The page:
Showbox, June 4, 2006
On Sunday night, Eels returned to Seattle to follow up their previous â€œWith Stringsâ€ tour with a blistering set at the Showbox that was the perfect antithesis to their performance at the Moore Theater last year. This time calling the tour â€œNo Strings Attached,â€ band leader and brain of Eels Mark Oliver Everett, otherwise know as E, blazed through the most rocking songs of the Eelsâ€™ catalogue, alongside The Chet, Knuckles, and Krazy Al (or guitarist Chet Lyster, drummer Derek Brown, and bassist Alan Hunter respectively). The cartoonish names are but a small part of the gimmick that drove the bandâ€™s performance, though. Whereas during the â€œWith Stringsâ€ tour E, The Chet, and even Krazy Al (then Big Al) wore suits and ties, looking nearly professorial, or at least professional, on this tour the band members looked considerably more blue collar, sporting dark jumpsuits (E and The Chet), a black â€œSecurityâ€ t-shirt (Krazy Al), or an emblem-less military uniform and a Civil War styled hat (Knuckles). Despite these seemingly disparate costumes, dark sunglasses and profuse facial hair united the band visually.
Beside each other, with all of the whiskers, E, The Chet and Knuckles may as well have been brothers. Krazy Al stood apart, quite literally, from the band with his cleanly shaved head and pretended to be an actual security guard, arms crossed, scanning and scowling at the crowd rather than playing any actual instruments. He truly earned his moniker by practicing karate moves, lifting weights and spouting aphoristic non-sequiturs like â€œI know what the deal looks like! And this is the deal!â€ On a very few occasions did he actually contribute to the bandâ€™s musical output. But his sonic absence was hardly missed as E, The Chet and Knuckles roared through their set, which included a few classic Eels songs, such as â€œMy Beloved Monsterâ€ and â€œThe Sound of Fear,â€ some mid-career howlers like â€œDog Faced Boyâ€ and â€œSouljacker, Part 1,â€ and a selection of the newest material Blinking Lights and Other Revelations, among which the opener â€œOld Shit/New Shitâ€ set the stage for the entire concert.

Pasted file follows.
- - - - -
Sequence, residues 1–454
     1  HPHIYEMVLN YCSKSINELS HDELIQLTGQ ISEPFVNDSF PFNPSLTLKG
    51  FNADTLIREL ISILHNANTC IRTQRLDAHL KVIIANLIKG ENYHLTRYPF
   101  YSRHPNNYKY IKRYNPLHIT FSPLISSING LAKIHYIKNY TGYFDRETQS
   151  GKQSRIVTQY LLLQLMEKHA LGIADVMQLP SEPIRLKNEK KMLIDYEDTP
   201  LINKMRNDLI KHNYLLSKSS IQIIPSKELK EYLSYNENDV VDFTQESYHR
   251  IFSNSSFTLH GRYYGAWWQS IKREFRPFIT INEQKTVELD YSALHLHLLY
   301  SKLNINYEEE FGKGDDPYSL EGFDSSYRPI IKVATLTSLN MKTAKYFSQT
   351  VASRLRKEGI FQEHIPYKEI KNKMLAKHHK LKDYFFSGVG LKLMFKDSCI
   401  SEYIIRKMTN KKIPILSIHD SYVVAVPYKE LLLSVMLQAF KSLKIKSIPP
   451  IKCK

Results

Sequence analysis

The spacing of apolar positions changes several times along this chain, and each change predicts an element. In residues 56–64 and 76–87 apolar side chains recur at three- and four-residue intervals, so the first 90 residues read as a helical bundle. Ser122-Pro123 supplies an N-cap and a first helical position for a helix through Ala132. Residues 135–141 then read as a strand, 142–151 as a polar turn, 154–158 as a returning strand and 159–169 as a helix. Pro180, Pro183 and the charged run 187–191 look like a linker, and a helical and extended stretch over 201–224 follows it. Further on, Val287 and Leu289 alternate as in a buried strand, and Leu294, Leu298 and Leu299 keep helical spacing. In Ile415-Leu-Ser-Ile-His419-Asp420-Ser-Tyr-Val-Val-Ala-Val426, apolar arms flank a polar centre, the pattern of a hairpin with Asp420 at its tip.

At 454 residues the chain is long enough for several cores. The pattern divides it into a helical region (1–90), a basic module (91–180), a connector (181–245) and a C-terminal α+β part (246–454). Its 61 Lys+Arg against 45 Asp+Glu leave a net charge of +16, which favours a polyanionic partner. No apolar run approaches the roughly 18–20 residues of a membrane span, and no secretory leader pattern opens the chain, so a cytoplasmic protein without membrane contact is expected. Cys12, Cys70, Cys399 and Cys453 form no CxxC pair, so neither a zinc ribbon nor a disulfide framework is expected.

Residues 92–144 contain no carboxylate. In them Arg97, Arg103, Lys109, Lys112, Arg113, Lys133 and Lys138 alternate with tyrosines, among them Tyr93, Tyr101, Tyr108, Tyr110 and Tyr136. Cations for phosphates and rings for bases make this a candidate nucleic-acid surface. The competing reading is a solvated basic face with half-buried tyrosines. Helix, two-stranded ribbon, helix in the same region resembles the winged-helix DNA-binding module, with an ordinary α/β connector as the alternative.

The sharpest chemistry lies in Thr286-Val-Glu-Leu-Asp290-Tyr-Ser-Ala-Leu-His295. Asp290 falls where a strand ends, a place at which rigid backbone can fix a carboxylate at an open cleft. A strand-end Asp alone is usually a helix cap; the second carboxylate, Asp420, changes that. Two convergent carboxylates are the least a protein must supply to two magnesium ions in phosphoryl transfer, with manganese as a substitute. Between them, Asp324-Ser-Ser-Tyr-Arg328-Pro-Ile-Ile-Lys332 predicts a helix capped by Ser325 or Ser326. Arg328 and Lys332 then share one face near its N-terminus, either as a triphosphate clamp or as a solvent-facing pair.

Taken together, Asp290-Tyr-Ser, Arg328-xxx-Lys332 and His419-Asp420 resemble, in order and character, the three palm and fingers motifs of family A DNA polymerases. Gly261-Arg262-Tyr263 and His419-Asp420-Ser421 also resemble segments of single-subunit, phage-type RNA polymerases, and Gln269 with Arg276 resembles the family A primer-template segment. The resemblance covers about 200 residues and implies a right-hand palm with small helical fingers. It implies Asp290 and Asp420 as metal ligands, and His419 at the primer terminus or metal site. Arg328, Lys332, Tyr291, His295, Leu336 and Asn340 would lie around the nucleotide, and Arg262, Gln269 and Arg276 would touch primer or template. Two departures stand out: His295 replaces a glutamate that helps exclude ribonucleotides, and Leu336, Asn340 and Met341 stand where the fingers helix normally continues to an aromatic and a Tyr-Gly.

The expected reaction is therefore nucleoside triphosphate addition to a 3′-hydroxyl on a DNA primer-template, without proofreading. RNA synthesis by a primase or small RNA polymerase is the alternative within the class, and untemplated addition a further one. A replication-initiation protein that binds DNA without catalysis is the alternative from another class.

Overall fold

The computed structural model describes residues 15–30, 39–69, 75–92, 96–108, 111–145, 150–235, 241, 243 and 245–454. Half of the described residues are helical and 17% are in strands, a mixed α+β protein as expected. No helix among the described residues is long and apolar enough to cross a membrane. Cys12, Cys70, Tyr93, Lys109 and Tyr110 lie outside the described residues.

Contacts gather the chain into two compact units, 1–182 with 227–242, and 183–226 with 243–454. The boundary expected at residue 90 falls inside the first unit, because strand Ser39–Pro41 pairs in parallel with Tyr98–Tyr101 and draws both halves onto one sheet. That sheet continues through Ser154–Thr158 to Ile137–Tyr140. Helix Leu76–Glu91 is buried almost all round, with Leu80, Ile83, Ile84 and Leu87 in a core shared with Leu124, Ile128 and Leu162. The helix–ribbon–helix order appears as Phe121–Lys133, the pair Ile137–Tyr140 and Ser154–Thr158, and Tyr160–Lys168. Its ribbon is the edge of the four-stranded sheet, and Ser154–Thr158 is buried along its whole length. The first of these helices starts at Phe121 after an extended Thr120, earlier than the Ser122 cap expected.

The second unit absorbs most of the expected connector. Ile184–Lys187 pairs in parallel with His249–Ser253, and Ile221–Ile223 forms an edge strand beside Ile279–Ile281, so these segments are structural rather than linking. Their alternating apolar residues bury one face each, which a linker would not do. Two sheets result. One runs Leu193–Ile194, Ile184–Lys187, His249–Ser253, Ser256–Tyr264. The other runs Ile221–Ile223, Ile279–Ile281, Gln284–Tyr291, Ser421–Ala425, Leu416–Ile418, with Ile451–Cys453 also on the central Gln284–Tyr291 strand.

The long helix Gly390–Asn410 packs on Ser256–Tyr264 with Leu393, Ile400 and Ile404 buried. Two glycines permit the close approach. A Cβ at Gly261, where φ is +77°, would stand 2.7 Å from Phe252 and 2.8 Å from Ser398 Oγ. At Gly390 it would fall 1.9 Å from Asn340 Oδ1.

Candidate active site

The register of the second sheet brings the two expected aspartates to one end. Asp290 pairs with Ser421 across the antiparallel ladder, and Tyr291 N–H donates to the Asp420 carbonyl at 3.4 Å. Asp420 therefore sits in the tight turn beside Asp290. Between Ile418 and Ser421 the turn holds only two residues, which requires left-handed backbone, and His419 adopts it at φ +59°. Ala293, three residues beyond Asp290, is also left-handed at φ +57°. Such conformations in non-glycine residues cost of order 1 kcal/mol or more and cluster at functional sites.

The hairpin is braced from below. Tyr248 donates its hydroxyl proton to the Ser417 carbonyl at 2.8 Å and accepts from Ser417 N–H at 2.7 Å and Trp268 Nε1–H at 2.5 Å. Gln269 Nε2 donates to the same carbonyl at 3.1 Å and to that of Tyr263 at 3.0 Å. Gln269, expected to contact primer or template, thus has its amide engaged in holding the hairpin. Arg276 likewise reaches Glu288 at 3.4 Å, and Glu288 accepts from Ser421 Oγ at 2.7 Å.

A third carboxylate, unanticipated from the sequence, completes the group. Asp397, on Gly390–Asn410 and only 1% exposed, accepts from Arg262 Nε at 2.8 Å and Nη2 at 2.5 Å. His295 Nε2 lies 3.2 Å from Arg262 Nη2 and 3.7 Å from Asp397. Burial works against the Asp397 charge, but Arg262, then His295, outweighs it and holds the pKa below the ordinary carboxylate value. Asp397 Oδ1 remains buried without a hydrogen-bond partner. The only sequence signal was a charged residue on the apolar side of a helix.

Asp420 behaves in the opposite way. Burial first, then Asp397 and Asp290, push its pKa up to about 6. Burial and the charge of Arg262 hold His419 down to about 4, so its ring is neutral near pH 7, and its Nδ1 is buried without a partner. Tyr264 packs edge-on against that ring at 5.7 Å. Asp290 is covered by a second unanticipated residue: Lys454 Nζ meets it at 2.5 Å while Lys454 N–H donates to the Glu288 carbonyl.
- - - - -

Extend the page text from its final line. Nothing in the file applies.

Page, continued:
Throughout the night, Eels blasted through a series of covers: Tom Waitsâ€™ â€œJesus Gonna Be Hereâ€ (sung by The Chet), the Peaches/Iggy Pop collaboration â€œRock Showâ€ (in case you werenâ€™t paying attention), Willie Dixonâ€™s â€œCrazy Loveâ€ (which was Krazy Alâ€™s theme), Frank Sinatraâ€™s â€œThatâ€™s Lifeâ€ (sounding nothing like olâ€™ Blue Eyes) and a very Screaminâ€™ â€œI Put A Spell On You.â€ As always, the band â€œperforms,â€ not just musically but as personalities. E is, as always, aloof, rarely speaking to the crowd, but communicating instead through Krazy Al, who loyally does his bidding, as when E points to various members of the crowd and Krazy Al approaches them menacingly but then reaches out his hand to high-five and knuckle bump appreciative fans, or later when he sprays whipped cream into eager mouths, including Eâ€™s.
To many observers, the â€œEâ€ might as well stand for enfant terrible, but itâ€™s not difficult to see that his seemingly temperamental actions, such as when he leaves the stage midway through â€œNot Ready Yet,â€ are part of the act. And when Krazy Al snaps on rubber gloves and then hauls off a heckler from the crowd, itâ€™s likely that the perpetrator was a plant. There are enough cracks within the stage theatrics to reveal that E stands before the crowd night after night for the joy of performance. If skeptics canâ€™t see through the tough-guy faÃ§ade of the main set, surely the encore, during which pre-teen boppers Asya and Chloe of the local band Smoosh dance around the stage to â€œCancer for the Cureâ€ and â€œI Like Birds,â€ will convince them. And if they are lucky enough to stick around for Eelsâ€™ signature â€œsecret encore,â€ which inevitably occurs after the lights are on and the majority of the crowd have dispersed, theyâ€™ll see an Eels stripped of jumpsuits and histrionics, and grinning through â€œSaturday Morningâ€ for the diehard fans.